Dismayed international union leaders emerged from a meeting with G8 labour ministers yesterday deploring its secrecy and warning that industrialized nations are being advised to plot "flexibility" policies that will hurt workers.
"They're now talking about 'labour market flexibility,' which means flexible wages, fewer worker protections, weaker unions and lower minimum wages," said John G. Evans, head of the Trade Union Advisory Committee to the Organization for Economic Co-operation and Development.
Evans was one of several union leaders who, along with Douglas Worth, a former veteran IBM executive turned OECD business adviser, met for several hours Thursday and briefly yesterday with the labour ministers of Canada, the U.S., Japan, the U.K., Italy, Germany and Russia.
Managing Work Forces
In a briefing paper supported by the U.S., the OECD advised the ministers to embrace flexibility as a way to manage work forces better, Evans said. "The neo-liberal agenda is always lurking in the background. I just hope the ministers can resist it."
After he and the other union leaders left, yesterday's meeting was then restricted to the ministers, who were joined by OECD secretary-general Donald Johnston, the former federal Liberal cabinet minister, and by European Union employment commissioner Anna Diamantopoulou.
The meetings are a lead-up to a larger meeting of G8 leaders, including U.S. President George W. Bush and Prime Minister Jean Chrétien in Kananaskis, Alta., in June.
For security reasons and to deflect anti-G8 protests, the Montreal meetings, which began Thursday at the downtown Omni Hotel and McGill University and conclude at noon today at Club St. Denis on Sherbrooke St. E., are closed to observers.
(French employment minister Élisabeth Guigou was not present. Italian labour minister Roberto Maroni was also absent Thursday night, when he skipped a banquet at McGill's Redpath Hall to go to the Canadiens-Bruins hockey game at the Molson Centre.)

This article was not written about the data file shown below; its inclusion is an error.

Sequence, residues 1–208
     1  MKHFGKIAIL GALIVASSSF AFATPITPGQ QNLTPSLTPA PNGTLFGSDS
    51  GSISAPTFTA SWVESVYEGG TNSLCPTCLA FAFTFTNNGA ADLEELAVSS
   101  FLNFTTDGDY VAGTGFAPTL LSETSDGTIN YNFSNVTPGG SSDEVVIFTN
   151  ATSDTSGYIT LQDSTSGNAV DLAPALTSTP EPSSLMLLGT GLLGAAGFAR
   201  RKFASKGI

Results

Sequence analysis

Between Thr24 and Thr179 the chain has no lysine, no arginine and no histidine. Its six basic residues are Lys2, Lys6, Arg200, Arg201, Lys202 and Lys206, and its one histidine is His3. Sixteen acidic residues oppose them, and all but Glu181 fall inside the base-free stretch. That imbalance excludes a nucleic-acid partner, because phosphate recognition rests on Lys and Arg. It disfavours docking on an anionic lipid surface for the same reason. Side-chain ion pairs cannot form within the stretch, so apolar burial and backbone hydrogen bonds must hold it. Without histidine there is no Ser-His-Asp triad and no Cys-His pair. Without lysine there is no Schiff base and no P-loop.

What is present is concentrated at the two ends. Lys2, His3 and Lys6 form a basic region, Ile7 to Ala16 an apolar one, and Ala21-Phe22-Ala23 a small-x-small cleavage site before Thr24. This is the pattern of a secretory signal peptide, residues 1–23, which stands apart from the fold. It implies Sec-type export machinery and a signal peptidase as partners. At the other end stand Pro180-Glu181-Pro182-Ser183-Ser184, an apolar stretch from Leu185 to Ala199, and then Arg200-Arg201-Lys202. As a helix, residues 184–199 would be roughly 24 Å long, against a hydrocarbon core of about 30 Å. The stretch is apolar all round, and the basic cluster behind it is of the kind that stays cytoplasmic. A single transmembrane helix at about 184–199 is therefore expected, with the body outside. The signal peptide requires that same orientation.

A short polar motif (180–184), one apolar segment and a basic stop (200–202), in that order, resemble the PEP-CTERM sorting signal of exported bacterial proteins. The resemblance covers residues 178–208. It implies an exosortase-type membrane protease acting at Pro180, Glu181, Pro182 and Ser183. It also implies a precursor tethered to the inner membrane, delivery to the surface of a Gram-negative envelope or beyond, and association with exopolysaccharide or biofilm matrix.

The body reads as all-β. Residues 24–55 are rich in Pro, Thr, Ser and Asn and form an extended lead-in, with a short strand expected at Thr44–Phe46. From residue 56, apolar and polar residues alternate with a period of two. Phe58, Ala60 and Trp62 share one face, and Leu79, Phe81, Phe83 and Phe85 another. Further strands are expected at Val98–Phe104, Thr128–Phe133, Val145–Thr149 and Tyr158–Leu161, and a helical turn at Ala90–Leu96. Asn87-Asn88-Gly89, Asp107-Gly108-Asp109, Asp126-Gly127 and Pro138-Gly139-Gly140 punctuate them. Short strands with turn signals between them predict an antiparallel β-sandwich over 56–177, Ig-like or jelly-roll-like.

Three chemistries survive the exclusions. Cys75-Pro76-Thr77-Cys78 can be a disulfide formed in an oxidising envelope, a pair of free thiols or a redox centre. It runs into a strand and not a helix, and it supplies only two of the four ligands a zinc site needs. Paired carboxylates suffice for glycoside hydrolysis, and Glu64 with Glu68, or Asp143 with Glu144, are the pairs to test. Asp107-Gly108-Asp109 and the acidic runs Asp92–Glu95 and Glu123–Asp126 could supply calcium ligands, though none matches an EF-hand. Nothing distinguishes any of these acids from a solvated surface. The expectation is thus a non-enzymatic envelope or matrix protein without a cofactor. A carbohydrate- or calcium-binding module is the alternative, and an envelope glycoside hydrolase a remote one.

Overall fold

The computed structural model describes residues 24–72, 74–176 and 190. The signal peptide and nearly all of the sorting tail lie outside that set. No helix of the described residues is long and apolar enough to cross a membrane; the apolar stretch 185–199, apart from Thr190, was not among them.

None of the locations has yet been officially revealed. Nor has the agenda of the meetings. A final statement summing up the meetings is to be presented by Human Resources Minister Jane Stewart at a press conference today. (The Gazette obtained a draft of the statement yesterday.)
With the front door closed to visitors, labour representatives gathered on the sidewalk yesterday after their meeting and deplored the secrecy of the event, calling it symbolic of the G8's pro-business, hidden agenda.
"Government is made better by more openness and good sunshine," said Thomas Palley, a director of the AFL-CIO in Washington, D.C.
"These meetings need to be more open, not behind closed doors," agreed Roland Schneider, a German union adviser to the OECD.
Added Ken Georgetti, president of the Canadian Labour Congress: "I don't see why they have to be so cloistered. They're not talking about state secrets here. It's a debate that needs to be broadcast, frankly."
Palley said other closed meetings by the G7 and G8 in Canada - of environment ministers in Banff last month, of health ministers last November in Ottawa, of finance ministers in Ottawa last February, and of the heads of state in Alberta in June - are part of a trend.
"This is a very bad turn for public debate, this tendency to make things more private and less accessible. It provokes suspicion and contributes to misunderstanding."
A block away in St. Louis Square, about 50 union and community organizers held a small protest rally around noon. They said they don't believe the labour ministers are working for a fairer deal for workers.
Françoise David, former president of the Quebec Federation of Women who now heads Au Bas de l'échelle (Rank and File), an advocacy group for non-unionized workers, scoffed at the ministers' "flexibility" proposal.
"Flexibility - all it means for the bosses is 'I hire who I want, when I want, at the hour I want, and under the conditions I want.' And to that we say 'No, that's enough.' "
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